Everything You Need To Know About The New Toyota GR 86
The new Toyota GR 86 is powered by a 2.4-liter FA24 flat four-cylinder boxer engine that produces 235HP at 7,000RPM and a maximum torque of 250Nm at 3700RPM. Compared to the previous model, the 2.0-liter FA20 engine produces 200HP and a maximum torque of 205Nm only. The Toyota GR 86 is offered in either a classic six-speed manual transmission or a six-speed automatic transmission with steering wheel-mounted shift paddles.
The 2022 Toyota GR 86 brings performance to the people
It is not the fastest car or one with the largest horsepower but a car like the Toyota GR 86 isn’t supposed to happen in this age of SUVs and electrification. Small and affordable coupes like the rear-drive GR 86 are pretty much dead. And yet Toyota has just refreshed its almost one-of-a-kind sports car, and it isn’t just good, it’s great. What you will is a sensation of speed that runs through the car’s chassis and controls.
It rides on an independent suspension with MacPherson-type struts at the front and multilink setup in the rear. Depending on the trim level, the GR 86 is saddled with 17- or 18-inch wheels. The GR 86 comes in two flavors: base and premium, with the latter bringing a handful of upgrades such as the aforementioned 18-inch wheels, a duckbill rear spoiler, adaptive front LED headlamps, a smattering of visual accents, plus an upgrade to eight stereo speakers from the standard six.
All trims come with an 8-inch touchscreen display for entertainment and connectivity purposes, as well as a host of standard safety equipment that includes seven airbags and the Toyota Star safety system that’s made up of the stability control, anti-lock braking systems we’ve come to expect, plus brake assist and brake-force distribution.
GR 86s fitted with the automatic gearbox have the added benefit of an active safety system that handles pre-collision braking, lane-keep assist and adaptive cruise control.
A small and affordable car like the GR 86 lacks the luxury luster of a tech-laden such as the Lamborghini Countach. Stability can be switched off and drive modes “Sport” and “Track” will increase input response on the brakes and throttle. These modes will also make the automatic gearbox punchier in kind to the more aggressive engine mapping.
According Automotive Writer Alex Kalogianni “Heading onto the track with the GR 86 feels like returning a captive creature back to its native environment.” Toyota brought the GR 86 and its predecessor for testing and back-to-back comparison to Monticello Motor Club, a 4.1-mile course with 20 turns to pit against the car’s performance. Though the GR 86 is very much a street car, it’s on the track where it can run wild and fully express its capabilities.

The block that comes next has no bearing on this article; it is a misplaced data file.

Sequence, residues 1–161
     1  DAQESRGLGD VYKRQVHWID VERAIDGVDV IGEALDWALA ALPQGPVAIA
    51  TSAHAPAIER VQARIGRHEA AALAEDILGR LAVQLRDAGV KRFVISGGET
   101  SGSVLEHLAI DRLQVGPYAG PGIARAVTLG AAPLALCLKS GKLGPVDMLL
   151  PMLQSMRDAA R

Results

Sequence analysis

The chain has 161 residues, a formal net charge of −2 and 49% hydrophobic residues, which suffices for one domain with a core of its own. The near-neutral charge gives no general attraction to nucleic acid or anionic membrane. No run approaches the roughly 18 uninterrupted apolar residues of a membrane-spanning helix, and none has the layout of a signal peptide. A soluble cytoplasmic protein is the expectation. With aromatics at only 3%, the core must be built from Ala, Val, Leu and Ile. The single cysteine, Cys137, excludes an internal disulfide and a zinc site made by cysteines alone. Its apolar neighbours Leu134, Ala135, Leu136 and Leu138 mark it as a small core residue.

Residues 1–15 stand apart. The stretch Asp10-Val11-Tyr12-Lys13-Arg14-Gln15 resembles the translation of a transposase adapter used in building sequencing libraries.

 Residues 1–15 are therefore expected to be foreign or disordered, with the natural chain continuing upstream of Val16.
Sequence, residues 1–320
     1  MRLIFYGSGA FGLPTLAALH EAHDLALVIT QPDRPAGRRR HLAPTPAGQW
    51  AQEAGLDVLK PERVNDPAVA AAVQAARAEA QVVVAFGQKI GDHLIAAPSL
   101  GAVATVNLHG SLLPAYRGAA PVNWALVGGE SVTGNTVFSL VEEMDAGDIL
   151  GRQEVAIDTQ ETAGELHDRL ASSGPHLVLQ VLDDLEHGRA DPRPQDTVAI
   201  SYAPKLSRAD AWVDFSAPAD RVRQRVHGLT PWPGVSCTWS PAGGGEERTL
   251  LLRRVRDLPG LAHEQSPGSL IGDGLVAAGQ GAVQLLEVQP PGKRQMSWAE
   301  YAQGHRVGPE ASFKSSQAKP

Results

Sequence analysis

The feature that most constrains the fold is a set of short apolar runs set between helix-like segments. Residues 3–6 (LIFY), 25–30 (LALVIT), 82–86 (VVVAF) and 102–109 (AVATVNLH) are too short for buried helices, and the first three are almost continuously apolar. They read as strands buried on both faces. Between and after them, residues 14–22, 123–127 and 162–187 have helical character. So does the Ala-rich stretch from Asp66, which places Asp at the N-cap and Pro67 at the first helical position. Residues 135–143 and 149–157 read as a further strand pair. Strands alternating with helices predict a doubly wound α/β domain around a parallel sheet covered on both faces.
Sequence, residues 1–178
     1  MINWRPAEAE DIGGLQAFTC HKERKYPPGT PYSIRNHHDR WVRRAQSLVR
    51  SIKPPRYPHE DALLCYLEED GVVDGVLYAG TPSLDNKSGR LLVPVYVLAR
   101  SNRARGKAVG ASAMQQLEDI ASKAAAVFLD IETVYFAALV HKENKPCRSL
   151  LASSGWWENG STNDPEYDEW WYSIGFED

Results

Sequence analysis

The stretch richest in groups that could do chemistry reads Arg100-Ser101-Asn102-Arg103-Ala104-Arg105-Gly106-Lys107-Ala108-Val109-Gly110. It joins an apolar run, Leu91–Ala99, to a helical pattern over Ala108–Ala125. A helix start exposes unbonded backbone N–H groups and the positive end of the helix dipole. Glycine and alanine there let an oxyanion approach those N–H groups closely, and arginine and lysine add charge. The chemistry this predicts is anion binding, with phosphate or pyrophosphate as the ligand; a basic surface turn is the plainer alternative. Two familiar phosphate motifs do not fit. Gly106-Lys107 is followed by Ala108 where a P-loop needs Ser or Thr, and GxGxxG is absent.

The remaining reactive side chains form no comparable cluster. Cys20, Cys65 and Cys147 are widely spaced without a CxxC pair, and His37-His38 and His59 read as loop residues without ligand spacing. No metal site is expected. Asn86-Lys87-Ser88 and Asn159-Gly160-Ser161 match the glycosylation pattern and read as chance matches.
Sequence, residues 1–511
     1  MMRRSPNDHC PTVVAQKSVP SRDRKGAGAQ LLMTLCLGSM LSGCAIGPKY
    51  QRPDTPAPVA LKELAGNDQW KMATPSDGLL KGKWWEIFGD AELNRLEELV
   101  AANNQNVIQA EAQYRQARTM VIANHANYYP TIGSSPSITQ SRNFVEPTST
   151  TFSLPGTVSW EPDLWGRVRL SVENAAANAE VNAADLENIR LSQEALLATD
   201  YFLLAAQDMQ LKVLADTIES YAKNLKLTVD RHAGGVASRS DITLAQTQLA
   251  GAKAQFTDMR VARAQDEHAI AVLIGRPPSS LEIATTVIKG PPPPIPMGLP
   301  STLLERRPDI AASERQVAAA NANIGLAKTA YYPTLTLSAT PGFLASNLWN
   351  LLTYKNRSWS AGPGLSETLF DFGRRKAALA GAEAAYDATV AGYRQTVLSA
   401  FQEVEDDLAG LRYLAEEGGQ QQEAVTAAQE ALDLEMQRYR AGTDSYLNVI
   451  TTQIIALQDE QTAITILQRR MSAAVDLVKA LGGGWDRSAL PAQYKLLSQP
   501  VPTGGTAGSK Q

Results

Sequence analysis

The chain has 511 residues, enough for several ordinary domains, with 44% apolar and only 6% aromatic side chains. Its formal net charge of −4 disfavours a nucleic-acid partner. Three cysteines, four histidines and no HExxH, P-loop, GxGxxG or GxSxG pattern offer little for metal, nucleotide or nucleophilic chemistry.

The additional horsepower from the new FA24 engine gain a meaningful improvement in a 1270-kg car. The extra power should be good for a 5.8-seconds run to 100 km/h and the engine is livelier, more responsive, and happier as it spins to the redline.
Automatic buyers, which Toyota predicts will be the majority, will find six speeds and paddles on the steering wheel. Revisions include additional clutch plates and a new torque converter to cope with the newfound, well, torque. With the automatic-specific Sport mode engaged, the shift strategy smartens by holding on to gears and wisely downshifting during hard braking.
All versions of the GR 86 come with the identical brake package as the previous car. Sliding two-piston calipers clamp 11.6-inch rotors in the front, and 11.4-inch rotors are pinched by sliding single-piston units in the rear. oyota promises a track pad will be sold as an accessory. Other bolt-on options include a cold-air intake, short-throw shifter, and cat-back exhaust system.
At its price point, the GR 86 doesn’t have many other sports cars to compete with, apart from the obvious Mazda MX-5. They are similar in their accessibility, affordability and dynamic behavior, but they differ in mission and in attitude.
The Miata is a plucky roadster that endears itself to drivers with its playful drop-top energy. The GR 86 is just as playful, but it’s slightly more serious, without being comically so or intimidating.
The GR 86 is an important vehicle to Toyota’s commitment to its current motorsport endeavors as well as its sports car heritage, which in turn carries a substantial cultural significance. Anyone questioning this need only look to the very top of the company’s structure. Toyota’s president Akio Toyoda is not only enthusiastic about sports cars, he’s an experienced driver and had a personal hand in the development of the GR 86 similiarly to the previously launched Toyota GR Yaris. In short, the car wouldn’t move forward unless he himself was happy with it, and that degree of personal investment isn’t spent on things that are unimportant.
At the end of the day, the Toyota GR 86 might not be the fastest or most powerful car on the road or on the track, but its accessibility in both learning curve and price point make it a winner.